Neglecting Torque Sign for Acceleration Calculation

In summary: Anyways, the sign of the torque depends on your choice of positive direction. You can't have both conventions.In summary, in order to calculate the acceleration in a system with two blocks connected over a pulley, it is important to choose an overall direction for the acceleration and stick to it. Depending on the chosen direction, the signs of torque and tension may change. It is important to treat torque as a positive quantity and choose its sign to match the direction of acceleration. In the event of a flipped diagram or changing conventions, it is crucial to maintain consistency in the chosen direction and signs of quantities.
  • #1
Dorothy Weglend
247
2
If you have two blocks connected over a pulley, and are using the torque on the pulley to calculate the acceleration, then you should disregard the sign of the torque, always treating it as positive, no matter which direction it rotates?

Is this right?

Thanks,
Dorothy
 
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  • #2
I'd say no. Pick an overall direction for the acceleration. (For example: block one goes up, block two goes down, pulley goes clockwise.) Choose the sign of your torque to match.

The blocks and pulley are connected, so the acceleration of all three must be aligned.
 
  • #3
Doc Al said:
I'd say no. Pick an overall direction for the acceleration. (For example: block one goes up, block two goes down, pulley goes clockwise.) Choose the sign of your torque to match.

The blocks and pulley are connected, so the acceleration of all three must be aligned.

Thanks, Doc Al. Well, here is my problem, then.

A m1 is connected over a pulley to a m2 on an incline. Let's say the incline is to the right of the pulley, so that the acceleration is to the right.

T1 - friction1 = m1a
m2g(sin theta) - friction2 - T2 = m2a
(m1 + m2)R = -I(alpha) = -Ma/2 (where M is mass of pulley).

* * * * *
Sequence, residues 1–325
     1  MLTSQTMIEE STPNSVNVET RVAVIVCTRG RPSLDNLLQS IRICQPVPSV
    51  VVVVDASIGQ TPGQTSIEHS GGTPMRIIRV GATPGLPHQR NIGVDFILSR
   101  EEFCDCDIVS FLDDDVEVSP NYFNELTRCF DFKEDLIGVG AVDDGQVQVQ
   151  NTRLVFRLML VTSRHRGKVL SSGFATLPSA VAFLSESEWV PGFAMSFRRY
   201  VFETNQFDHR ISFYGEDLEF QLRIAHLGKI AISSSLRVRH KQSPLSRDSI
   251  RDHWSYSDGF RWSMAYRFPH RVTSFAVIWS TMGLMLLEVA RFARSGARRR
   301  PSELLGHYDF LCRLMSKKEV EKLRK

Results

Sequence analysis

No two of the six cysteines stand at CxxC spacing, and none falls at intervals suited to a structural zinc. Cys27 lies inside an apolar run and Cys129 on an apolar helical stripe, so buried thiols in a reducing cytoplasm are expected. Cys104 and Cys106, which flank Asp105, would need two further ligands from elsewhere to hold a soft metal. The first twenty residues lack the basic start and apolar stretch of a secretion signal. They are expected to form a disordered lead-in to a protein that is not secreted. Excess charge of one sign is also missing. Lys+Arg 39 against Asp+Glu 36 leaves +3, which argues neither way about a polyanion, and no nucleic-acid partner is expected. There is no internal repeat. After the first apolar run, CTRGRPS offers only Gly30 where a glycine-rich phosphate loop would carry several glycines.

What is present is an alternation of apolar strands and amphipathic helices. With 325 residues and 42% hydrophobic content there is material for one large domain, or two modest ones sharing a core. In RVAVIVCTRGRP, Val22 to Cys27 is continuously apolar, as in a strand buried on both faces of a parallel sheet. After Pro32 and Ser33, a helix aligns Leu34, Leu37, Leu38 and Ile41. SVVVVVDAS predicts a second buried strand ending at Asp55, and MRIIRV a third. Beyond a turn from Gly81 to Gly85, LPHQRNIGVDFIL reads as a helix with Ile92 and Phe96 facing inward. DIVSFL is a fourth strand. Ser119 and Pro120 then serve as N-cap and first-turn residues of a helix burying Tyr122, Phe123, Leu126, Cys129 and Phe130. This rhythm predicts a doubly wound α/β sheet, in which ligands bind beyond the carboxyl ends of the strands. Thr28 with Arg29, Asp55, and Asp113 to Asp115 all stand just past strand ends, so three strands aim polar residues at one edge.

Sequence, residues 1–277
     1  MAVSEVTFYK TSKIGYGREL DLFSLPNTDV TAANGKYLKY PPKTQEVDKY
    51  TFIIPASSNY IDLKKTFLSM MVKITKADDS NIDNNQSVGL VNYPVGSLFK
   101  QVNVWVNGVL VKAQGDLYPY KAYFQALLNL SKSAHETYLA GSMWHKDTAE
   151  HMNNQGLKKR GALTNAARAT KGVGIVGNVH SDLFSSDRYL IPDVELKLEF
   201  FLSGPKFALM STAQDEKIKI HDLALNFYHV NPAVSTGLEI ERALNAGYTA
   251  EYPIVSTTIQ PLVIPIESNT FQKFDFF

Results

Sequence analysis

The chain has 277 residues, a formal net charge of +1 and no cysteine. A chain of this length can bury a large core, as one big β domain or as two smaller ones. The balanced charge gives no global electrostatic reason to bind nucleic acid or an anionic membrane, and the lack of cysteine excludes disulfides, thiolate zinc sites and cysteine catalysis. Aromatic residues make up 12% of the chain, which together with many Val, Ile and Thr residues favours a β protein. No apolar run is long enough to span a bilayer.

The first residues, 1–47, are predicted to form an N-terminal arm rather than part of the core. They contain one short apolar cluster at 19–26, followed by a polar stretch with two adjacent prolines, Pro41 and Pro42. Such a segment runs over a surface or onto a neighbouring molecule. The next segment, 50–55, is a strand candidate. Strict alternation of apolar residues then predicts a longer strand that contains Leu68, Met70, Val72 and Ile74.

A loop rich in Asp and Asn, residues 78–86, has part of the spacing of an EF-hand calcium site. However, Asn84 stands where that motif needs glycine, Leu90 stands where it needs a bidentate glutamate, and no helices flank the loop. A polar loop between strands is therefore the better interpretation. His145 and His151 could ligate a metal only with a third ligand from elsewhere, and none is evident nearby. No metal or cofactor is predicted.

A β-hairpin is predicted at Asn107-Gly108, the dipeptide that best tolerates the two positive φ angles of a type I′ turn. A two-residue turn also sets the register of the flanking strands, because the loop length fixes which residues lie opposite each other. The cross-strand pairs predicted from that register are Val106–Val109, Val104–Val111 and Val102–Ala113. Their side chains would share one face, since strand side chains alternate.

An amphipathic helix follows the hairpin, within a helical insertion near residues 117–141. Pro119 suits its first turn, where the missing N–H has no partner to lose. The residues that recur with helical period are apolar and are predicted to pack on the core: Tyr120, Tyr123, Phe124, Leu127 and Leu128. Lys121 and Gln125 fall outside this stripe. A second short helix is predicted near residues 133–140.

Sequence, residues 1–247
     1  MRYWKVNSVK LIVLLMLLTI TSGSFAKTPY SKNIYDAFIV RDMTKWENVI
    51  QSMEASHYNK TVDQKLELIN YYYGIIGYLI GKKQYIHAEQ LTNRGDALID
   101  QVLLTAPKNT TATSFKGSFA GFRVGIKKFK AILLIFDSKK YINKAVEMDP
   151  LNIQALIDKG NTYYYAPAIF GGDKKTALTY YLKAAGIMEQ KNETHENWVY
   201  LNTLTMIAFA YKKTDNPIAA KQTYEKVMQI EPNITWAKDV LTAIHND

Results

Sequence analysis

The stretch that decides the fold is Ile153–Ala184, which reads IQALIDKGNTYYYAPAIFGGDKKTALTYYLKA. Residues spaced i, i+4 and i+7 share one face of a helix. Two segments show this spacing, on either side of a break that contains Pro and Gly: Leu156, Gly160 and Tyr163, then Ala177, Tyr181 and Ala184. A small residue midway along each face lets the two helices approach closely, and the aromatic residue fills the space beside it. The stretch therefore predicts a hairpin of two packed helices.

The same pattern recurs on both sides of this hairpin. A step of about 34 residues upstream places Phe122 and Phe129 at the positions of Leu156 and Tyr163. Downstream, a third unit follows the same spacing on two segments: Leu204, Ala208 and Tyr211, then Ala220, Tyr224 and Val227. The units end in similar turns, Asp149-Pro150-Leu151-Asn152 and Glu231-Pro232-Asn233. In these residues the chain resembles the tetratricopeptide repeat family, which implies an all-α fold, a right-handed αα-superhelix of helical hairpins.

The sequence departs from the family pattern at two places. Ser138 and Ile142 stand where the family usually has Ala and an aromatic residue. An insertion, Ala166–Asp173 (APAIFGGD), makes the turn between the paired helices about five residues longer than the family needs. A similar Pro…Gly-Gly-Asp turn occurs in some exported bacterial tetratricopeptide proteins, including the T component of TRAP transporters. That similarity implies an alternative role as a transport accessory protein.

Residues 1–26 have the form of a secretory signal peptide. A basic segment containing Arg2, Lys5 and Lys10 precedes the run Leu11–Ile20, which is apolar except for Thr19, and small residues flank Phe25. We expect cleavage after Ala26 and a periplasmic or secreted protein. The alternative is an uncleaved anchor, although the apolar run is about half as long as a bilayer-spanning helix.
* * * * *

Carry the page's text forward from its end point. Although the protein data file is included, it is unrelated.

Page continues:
If I rotate the diagram 180 degrees, so the incline is on the left, acceleration is to the left, keeping positive in the direction of the acceleration, the only equation that would change is the torque:

(m1 + m2)R = Ma/2

Which is obviously going to lead to a different acceleration by just changing the horizontal orientation, which is a physical impossibility, of course.

Or I'm confused (probably)... Clear this up for me, please?

Thanks, as always,
Dorothy
 
  • #4
Oh, I'm thinking m1 is on a horizontal surface, if that makes any difference.
 
  • #5
Dorothy Weglend said:
T1 - friction1 = m1a
m2g(sin theta) - friction2 - T2 = m2a
These two make sense.
(m1 + m2)R = -I(alpha) = -Ma/2 (where M is mass of pulley).
But this one doesn't. Why are m1 and m2 mentioned in the equation for the pulley?

What forces act on the pulley? What torques do they exert? Set the net torque equal to I(alpha).

If I rotate the diagram 180 degrees, so the incline is on the left, acceleration is to the left, keeping positive in the direction of the acceleration, the only equation that would change is the torque:
This is an artifact of this strange equation. Fix it. :wink:
 
  • #6
Doc Al said:
These two make sense.

But this one doesn't. Why are m1 and m2 mentioned in the equation for the pulley?

What forces act on the pulley? What torques do they exert? Set the net torque equal to I(alpha).


This is an artifact of this strange equation. Fix it. :wink:

I'm an idiot. I meant to write:

(T2 - T1)R = Ma/2

And really, that's what I was thinking. My fingers typed something else.

But that still leaves me with the same question, doesn't it?

With the incline on the right, (T2 - T1)R = -Ma/2

With it on the left, (T2 - T1)R = Ma/2

Since the only that has changed is the sense of the torque?
 
  • #7
Dorothy Weglend said:
With the incline on the right, (T2 - T1)R = -Ma/2
OK.
With it on the left, (T2 - T1)R = Ma/2
Nope. The signs of T2 and T1 will change also.

Since the only that has changed is the sense of the torque?
If the sense of the torques change, so must their signs.
 
  • #8
Doc Al said:
OK.

Nope. The signs of T2 and T1 will change also.


If the sense of the torques change, so must their signs.

But how is that possible? Don't the signs of T2 and T1 (the tensions on the cord) depend on the sign of the acceleration? T2 will always be positive, since it is pulling on the pulley in the direction of a, and T1 will always be negative.

Gosh, I'm sorry to be difficult, but I am just not getting this.
 
  • #9
Dorothy Weglend said: